You can presume whatever you want, but if you're going to ask me whether I agree with a statement that you just plucked from your posterior, you should probably read what I've written to see if anything I've said supports your rather bizarre presumption.
    If you give me the full address...
    I gave you the full (pre-Eircode) address of the property.

    Allow me to remind you of some of your contributions to this discussion:
    recedite wrote: »
    You could equally have typed in the address of the hotel (or anyones address) into google and got the same pinpoint on google maps, without having to find out any eircode in advance. So that's €40M spent on eircode down the drain.
    recedite wrote: »
    So nothing whatsoever in the design to make houses easier to find...

    You've claimed that you can type "anyone's address" - your words - into Google and get a pinpoint on a map, without knowing their Eircode. So show me the pinpoint on the map. Or admit that you're wrong.


  • Closed Accounts Posts: 13,993 ✭✭✭✭recedite


    Not sure what you're trying to prove here.
    Some guy who never used to bother with a proper address was given one by the nice eircode people.
    Without spending €40M, he could have given his own house a name. Or a number.
    Or register a loc8 code to it. Any of these and all would be unique identifiers.


  • Technology & Internet Moderators Posts: 28,776 Mod ✭✭✭✭oscarBravo


    recedite wrote: »
    Not sure what you're trying to prove here.
    That you said something that's objectively untrue. You said you could type anyone's address - again, I'm quoting your own words - into Google Maps and pinpoint their location.

    You were wrong, as was the OP, who claimed that Eircodes don't make it easier to find buildings.

    Refusing to admit you were wrong doesn't make you any less wrong.


  • Registered Users Posts: 160 ✭✭PDVerse


    I think you are being deliberately obtuse.

    If I want a UK postcode, I can look it up using the address. If I have the address, I can look up the post code.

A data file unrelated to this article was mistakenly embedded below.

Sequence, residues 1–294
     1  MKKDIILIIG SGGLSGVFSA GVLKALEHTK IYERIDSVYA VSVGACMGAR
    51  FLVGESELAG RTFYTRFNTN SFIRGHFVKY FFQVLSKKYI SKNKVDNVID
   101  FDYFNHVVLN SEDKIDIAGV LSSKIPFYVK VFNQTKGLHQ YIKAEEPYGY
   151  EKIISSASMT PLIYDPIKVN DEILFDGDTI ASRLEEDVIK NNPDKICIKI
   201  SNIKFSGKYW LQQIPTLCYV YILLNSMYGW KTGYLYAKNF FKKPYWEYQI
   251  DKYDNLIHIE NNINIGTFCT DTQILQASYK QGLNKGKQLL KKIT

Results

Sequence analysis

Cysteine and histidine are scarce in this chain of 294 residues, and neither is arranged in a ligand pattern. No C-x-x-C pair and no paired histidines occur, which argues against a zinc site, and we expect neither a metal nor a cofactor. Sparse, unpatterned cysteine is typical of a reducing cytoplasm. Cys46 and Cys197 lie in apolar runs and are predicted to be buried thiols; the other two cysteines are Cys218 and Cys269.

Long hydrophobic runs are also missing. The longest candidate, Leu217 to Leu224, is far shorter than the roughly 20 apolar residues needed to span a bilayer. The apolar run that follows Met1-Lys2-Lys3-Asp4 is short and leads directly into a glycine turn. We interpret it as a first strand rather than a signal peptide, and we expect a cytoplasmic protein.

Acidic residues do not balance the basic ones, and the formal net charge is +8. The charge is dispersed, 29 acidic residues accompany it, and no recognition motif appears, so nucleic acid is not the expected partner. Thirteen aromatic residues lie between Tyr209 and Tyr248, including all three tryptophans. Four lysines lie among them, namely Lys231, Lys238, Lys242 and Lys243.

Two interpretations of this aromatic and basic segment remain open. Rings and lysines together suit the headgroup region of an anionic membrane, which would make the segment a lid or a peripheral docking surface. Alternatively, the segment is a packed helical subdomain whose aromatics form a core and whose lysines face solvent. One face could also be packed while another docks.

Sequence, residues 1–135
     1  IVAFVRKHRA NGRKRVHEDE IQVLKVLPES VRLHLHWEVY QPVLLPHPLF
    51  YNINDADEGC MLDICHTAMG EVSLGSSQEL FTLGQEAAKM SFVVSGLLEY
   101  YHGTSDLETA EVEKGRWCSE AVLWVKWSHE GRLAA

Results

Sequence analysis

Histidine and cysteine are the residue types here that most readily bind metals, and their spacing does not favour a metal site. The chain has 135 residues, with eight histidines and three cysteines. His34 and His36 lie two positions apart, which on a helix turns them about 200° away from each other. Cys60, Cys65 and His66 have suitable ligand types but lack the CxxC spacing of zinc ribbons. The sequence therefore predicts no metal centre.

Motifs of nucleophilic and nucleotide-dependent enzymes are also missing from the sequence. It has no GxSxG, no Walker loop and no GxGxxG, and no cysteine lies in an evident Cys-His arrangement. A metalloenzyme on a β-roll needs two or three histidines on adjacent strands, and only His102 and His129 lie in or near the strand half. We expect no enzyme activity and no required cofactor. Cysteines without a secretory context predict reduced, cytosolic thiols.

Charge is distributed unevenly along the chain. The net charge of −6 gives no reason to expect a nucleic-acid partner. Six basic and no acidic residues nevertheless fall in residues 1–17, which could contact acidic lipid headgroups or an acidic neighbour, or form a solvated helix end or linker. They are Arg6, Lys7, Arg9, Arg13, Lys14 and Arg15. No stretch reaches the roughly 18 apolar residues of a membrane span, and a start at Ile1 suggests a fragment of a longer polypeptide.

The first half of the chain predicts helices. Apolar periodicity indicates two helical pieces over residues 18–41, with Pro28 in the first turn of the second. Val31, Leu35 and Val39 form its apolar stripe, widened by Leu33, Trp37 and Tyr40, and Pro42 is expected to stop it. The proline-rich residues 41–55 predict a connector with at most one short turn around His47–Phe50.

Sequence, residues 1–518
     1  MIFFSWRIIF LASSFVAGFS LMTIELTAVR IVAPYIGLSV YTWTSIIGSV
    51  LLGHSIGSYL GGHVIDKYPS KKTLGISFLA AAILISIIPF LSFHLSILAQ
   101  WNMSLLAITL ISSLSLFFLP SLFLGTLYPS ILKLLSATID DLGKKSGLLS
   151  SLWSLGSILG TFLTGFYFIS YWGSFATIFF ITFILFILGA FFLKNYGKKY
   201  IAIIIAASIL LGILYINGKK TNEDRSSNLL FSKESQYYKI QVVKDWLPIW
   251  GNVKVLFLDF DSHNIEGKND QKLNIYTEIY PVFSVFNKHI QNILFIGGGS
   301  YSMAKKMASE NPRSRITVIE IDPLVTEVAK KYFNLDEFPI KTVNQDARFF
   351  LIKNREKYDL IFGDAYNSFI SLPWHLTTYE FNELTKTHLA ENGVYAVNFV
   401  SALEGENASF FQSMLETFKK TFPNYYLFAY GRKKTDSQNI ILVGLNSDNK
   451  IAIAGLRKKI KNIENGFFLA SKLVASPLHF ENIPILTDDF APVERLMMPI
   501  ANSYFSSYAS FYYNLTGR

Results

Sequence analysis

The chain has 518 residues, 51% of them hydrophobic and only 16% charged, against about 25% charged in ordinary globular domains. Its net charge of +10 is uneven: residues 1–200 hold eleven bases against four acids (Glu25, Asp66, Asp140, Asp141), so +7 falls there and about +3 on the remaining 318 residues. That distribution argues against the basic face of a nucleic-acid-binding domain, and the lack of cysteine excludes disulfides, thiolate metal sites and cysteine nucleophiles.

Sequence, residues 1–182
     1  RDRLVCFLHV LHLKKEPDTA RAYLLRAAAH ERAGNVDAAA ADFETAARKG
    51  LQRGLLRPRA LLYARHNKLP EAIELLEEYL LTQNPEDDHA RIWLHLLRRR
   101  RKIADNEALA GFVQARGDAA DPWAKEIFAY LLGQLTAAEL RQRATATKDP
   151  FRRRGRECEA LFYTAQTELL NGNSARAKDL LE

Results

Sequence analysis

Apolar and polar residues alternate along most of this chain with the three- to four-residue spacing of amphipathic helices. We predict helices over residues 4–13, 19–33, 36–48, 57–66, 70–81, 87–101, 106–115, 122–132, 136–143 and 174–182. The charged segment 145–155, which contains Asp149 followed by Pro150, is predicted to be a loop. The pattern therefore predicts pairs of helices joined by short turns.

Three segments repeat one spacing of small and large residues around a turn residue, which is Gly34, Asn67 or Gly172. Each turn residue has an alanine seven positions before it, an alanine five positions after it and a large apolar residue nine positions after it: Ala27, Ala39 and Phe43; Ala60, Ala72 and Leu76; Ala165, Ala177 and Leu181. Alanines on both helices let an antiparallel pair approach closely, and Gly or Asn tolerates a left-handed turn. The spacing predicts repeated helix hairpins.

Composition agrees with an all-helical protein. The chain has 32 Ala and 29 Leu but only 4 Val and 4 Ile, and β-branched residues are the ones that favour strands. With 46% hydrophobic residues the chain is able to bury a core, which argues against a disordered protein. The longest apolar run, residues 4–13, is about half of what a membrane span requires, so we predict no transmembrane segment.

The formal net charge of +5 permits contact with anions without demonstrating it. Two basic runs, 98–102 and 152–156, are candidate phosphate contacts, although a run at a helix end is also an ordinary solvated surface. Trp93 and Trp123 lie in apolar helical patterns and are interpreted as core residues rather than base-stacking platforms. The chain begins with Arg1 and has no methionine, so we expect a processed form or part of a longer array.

For Eircode, I can look up the Eircode for unique addresses, but not for the 35% to 40% of non-unique (generally) rural addresses. Now An Post can find the non-unique addresses without the Eircode because they have the name of the addressee, but that is not available when looking up Eircodes.

    If non-unique addresses were eliminated then the problem goes away. Under the current scheme, the only way to get an Eircode for non-unique addresses is to:

    1. Recognise it on a map
    or
    2. Ask the addressee.

    Neither is feasible for a long list of addresses. It is a good job that An Post do not rely on them.

    Businesses do not generally have this problem if they ask the customer to enter an address form that includes the Eircode.

    We need to start eliminating non-unique addresses. Why this is seem as a problem, I do not understand - and the time to start is now.

    There are two principal logic fails I encounter with Eircode, both involving non-unique addresses.

    The first involves companies who contact Eircode Approved Providers to get Eircodes added to their list of non-unique addresses they collected prior to July 2015. When it is explained that as the addresses are non-unique we wouldn't know which of the Eircodes in a townland relate to their addresses they quickly realise they haven't thought through the logic of their request. The advice is to request the Eircode from their customers at the next business as usual customer interaction.

    The second logic fail is the example I'm quoting above. Unfortunately Sam Russell hasn't thought through the logic of his argument. If an address that was previously non-unique becomes unique, then unless you know the location of the address on a map, the only way you can get the unique element is to ask the person who lives at the address. This is completely independent of what makes an address unique, be it an Eircode, a building number or name or any alternative code you choose to propose. If the houses in Aunt Marys townland were numbered 1 to 60 how would that help, unless Aunt Mary told you that she lives in 21?